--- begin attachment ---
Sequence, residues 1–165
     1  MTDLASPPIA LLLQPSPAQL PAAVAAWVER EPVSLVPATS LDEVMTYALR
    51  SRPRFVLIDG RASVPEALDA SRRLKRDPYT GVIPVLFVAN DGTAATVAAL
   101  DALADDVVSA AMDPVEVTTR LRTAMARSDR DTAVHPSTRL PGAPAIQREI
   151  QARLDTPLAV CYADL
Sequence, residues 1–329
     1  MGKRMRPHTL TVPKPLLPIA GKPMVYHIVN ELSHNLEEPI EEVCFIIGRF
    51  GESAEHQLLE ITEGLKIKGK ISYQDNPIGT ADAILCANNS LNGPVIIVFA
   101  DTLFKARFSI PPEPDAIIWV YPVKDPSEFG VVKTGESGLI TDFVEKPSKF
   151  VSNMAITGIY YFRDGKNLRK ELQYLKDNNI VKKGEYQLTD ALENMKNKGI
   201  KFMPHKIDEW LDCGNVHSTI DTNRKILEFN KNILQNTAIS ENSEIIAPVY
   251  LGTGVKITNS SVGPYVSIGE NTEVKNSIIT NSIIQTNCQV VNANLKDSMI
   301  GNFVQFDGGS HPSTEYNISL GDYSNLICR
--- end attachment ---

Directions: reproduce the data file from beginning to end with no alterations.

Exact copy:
Sequence, residues 1–165
     1  MTDLASPPIA LLLQPSPAQL PAAVAAWVER EPVSLVPATS LDEVMTYALR
    51  SRPRFVLIDG RASVPEALDA SRRLKRDPYT GVIPVLFVAN DGTAATVAAL
   101  DALADDVVSA AMDPVEVTTR LRTAMARSDR DTAVHPSTRL PGAPAIQREI
   151  QARLDTPLAV CYADL
Sequence, residues 1–329
     1  MGKRMRPHTL TVPKPLLPIA GKPMVYHIVN ELSHNLEEPI EEVCFIIGRF
    51  GESAEHQLLE ITEGLKIKGK ISYQDNPIGT ADAILCANNS LNGPVIIVFA
   101  DTLFKARFSI PPEPDAIIWV YPVKDPSEFG VVKTGESGLI TDFVEKPSKF
   151  VSNMAITGIY YFRDGKNLRK ELQYLKDNNI VKKGEYQLTD ALENMKNKGI
   201  KFMPHKIDEW LDCGNVHSTI DTNRKILEFN KNILQNTAIS ENSEIIAPVY
   251  LGTGVKITNS SVGPYVSIGE NTEVKNSIIT NSIIQTNCQV VNANLKDSMI
   301  GNFVQFDGGS HPSTEYNISL GDYSNLICR